How can people become more creative and innovative in their everyday lives? originally appeared on Quora: the place to gain and share knowledge, empowering people to learn from others and better understand the world.

Answer by Rodin Lyasoff, CEO at A³ by Airbus, on Quora:

Writers often talk about the moment when inspiration strikes them. When they have an idea, they have to write it down while that inspiration is with them. There's a wonderful thing that happens when you're inspired; it feels as if the ideas are just coming to you from some ineffable source and you're there to channel them. And if you miss that train, they often don't come back (Remember that great idea you had last night at dinner? What the heck was it?)

If you know what types of inspiration you're a channel for, you can make sure you have the appropriate tools at hand: a notebook, a canvas, or that app on your phone or computer. When you're inspired, drop what you're doing and start putting ideas down until you no longer feel compelled to do so. More often than not, when you read your notes later, you will find yourself back on that train and generate more ideas. I have a Livescribe notebook within an arm's reach at most times of day.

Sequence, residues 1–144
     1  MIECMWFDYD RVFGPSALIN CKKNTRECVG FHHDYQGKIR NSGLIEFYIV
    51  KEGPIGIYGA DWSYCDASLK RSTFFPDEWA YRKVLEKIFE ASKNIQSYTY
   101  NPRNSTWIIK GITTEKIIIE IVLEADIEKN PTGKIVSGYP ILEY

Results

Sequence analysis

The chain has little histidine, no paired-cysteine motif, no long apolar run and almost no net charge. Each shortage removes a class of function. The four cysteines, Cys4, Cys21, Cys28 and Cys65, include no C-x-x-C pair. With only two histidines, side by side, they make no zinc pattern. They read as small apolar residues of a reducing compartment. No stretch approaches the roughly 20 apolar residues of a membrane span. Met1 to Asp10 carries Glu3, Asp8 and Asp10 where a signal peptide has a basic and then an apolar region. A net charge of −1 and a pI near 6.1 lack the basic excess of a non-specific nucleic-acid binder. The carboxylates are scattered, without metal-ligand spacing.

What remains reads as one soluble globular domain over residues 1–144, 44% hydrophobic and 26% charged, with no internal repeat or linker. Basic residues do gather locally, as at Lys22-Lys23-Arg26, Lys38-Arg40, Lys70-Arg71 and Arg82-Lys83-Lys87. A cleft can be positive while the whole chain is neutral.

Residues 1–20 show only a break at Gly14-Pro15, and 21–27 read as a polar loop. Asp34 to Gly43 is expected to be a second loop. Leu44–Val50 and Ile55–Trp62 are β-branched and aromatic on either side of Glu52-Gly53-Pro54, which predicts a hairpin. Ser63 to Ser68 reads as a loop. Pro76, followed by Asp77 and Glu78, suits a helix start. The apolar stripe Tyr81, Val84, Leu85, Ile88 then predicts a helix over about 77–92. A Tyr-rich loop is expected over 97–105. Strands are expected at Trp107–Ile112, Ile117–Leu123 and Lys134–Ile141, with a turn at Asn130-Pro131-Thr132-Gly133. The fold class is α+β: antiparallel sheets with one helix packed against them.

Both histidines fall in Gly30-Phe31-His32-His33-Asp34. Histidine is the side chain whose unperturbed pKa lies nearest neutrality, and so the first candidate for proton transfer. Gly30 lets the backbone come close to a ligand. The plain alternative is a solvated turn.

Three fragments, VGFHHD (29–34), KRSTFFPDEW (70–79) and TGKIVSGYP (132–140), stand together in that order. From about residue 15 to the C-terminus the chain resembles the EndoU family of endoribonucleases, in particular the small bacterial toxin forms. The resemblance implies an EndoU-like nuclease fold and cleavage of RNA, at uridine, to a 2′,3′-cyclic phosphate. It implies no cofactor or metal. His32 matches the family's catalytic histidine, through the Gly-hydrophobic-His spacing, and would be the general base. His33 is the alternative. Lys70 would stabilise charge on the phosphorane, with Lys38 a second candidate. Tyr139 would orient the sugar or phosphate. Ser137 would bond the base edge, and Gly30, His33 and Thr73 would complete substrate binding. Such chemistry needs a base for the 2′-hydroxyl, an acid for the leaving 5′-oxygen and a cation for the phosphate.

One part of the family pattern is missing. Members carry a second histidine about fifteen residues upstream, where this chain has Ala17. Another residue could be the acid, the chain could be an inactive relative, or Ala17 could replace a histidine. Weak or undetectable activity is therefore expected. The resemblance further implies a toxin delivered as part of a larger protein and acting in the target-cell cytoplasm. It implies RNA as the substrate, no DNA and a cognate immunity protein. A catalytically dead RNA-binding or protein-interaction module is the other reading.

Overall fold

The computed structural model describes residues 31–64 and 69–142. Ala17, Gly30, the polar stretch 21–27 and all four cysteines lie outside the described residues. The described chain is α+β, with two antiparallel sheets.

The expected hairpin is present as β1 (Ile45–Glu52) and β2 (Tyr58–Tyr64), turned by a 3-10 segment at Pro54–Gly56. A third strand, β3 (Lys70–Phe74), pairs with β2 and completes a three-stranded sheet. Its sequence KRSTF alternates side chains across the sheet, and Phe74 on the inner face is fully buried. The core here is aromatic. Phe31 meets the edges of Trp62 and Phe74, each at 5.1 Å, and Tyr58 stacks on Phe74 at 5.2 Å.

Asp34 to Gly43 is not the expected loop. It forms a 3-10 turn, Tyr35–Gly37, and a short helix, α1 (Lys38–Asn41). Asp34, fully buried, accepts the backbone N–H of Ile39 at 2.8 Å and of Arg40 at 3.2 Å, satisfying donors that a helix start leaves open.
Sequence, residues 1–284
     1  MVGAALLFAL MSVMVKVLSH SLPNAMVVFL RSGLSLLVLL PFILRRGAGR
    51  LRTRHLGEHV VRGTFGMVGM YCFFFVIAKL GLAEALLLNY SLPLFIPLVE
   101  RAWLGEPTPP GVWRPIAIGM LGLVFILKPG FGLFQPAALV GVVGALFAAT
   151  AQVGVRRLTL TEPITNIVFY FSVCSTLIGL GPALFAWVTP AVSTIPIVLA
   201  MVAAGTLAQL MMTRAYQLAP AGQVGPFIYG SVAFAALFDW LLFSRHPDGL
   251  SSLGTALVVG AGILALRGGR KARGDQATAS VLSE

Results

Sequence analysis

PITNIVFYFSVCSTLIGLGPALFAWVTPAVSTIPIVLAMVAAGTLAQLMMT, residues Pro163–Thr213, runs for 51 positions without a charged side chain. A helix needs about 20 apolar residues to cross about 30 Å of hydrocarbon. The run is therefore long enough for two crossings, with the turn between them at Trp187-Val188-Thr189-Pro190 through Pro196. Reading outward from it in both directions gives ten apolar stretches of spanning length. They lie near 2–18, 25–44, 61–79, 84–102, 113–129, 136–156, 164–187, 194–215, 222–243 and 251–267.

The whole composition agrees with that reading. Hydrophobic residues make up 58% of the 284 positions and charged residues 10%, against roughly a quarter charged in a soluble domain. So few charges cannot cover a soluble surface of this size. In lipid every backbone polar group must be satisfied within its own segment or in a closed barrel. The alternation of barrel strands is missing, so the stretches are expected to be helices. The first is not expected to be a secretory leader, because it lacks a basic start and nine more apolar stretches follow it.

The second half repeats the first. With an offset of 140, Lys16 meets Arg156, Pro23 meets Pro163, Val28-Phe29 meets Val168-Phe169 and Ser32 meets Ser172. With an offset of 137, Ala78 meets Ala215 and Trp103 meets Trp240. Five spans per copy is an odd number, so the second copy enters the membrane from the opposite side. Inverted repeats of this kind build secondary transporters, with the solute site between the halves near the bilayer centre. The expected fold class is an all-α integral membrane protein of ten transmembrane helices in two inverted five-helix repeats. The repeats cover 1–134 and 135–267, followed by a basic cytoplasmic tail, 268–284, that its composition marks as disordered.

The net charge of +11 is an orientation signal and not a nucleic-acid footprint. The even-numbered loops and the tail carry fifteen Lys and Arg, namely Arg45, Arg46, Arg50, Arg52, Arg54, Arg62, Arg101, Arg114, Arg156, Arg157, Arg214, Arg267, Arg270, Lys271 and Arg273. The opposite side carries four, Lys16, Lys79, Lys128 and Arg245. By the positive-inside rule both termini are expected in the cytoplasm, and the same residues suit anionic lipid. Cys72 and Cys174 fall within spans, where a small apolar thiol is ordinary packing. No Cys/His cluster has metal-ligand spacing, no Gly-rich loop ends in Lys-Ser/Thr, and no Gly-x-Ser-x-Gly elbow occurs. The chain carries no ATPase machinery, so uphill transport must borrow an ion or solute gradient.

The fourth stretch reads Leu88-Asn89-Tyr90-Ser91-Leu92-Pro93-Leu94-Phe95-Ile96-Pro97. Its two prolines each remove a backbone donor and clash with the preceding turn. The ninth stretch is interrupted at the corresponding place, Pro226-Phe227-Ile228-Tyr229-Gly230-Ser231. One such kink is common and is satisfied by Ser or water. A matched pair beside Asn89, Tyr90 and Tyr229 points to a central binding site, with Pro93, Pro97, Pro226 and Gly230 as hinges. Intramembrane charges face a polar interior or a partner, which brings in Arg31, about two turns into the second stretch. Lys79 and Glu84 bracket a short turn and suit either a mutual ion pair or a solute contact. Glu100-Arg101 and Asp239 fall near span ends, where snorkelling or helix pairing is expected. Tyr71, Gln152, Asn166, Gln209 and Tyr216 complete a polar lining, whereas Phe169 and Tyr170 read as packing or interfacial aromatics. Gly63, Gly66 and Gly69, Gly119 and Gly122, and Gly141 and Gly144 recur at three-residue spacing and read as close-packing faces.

While inspiration is great, completing something is even greater -- the childlike glee of holding something up and saying "Look what I made!" Most of us are pretty bad at following through; the formal responsibilities of life and work often take priority. But let's break that down: the responsibilities of work and life often have a lot of structure around them to make sure we don't drop the ball. Arbitrary creativity often doesn't have that structure, so you have to build some. Keeping the tools at hand, and committing to follow inspiration when it strikes are two example of structure, but we can come up with more.

For instance, at A³, many of our teams use OKRs to make sure they aim high in what they want to accomplish and track progress in a meaningful way. OKRs can provide great structure, but people often associate them solely with work objectives and after a while they can feel pretty dry. I encourage the team to also come up with OKRs that track personal objectives outside work; managers track their teams' personal OKRs and support them alongside the work ones. For example, one of our Project Executives wanted to lead a rock-climb outdoors (on gear). It took three quarterly OKRs for him to 1) complete a lead-climbing class in the gym, 2) lead hard climbs comfortably indoors, and 3) go on a trip to Red Rocks and ropegun on real rock. Along the way he ran into a bunch of challenges that almost stopped him until he remembered that his work OKRs were much more challenging and less obvious, and that he really wanted to do this in the first place. Conversely, personal OKRs remind us that, even at work, the reason we set ambitious goals is that a part of us is really inspired to achieve them. This is getting a little wordy but I hope you get the point: find a thing that inspires you and put a structure around it that doesn't let you off the hook. Let the promise of childlike glee be your guide.

If all of that sounds too complicated, TL;DR: go to Burning Man, help someone build an implausible fifty-foot sculpture, and burn it a week later. You're welcome.

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Published on: Aug 10, 2018